Right to holiday.  But not to carry-over.

Right to annual leave can’t be bought out

Did you know that EU law prevents employers from carrying over the first four weeks of employees’ statutory annual leave? The only exception is when an employee is unable to take the leave because of sickness absence. If the leave is not taken, it is lost.

In the UK, employees are guaranteed 5.6 weeks of annual leave. Employers cannot give employees payment in lieu of their statutory minimum annual leave entitlement.

In other words, employees’ right to annual leave can’t be bought out. It is interesting, however, that the EU legislation states the right to the first four weeks is lost if not taken within the year. This would mean that employees, who for some reason don’t want to take holiday, can forfeit their right to time off but can’t ask for money in return.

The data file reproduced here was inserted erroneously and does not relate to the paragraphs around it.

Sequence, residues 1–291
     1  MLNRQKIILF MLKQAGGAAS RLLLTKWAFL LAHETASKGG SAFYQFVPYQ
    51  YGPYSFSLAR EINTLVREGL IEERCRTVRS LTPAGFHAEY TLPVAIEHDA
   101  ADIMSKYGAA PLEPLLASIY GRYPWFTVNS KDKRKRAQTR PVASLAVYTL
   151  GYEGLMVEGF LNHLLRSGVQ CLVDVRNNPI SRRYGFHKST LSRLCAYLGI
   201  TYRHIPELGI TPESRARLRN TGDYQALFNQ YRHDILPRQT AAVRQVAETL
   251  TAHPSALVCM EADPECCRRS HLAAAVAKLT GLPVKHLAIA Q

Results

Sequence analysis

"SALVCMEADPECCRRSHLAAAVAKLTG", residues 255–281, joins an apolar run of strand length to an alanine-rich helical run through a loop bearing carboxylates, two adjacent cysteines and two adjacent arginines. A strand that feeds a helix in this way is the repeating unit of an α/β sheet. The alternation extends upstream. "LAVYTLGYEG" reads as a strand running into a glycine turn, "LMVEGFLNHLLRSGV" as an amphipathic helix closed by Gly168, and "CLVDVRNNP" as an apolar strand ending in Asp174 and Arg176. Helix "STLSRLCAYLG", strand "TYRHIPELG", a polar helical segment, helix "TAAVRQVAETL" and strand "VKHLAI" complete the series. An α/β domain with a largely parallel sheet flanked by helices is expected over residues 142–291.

The exception to this is on termination of employment. When an employee leaves a job part way through the holiday year, he or she will be entitled to be paid for any accrued statutory holiday not taken at the date of termination.

The UK law also stipulates that an employer can require employees to take leave at a specified time, if they fail to make their own arrangements to take time off. The employer must give notice in writing to ask an employee to take paid leave.

To avoid a holiday rush at the end of the holiday year, it is good practice to have a system for tracking how much holiday has been taken, both by individuals and across the organisation. Engage is a great tool for monitoring holidays and can alert managers if too much holiday remains unused at specified times of the year, e.g. in the last quarter.

ABSENCEHUB.COM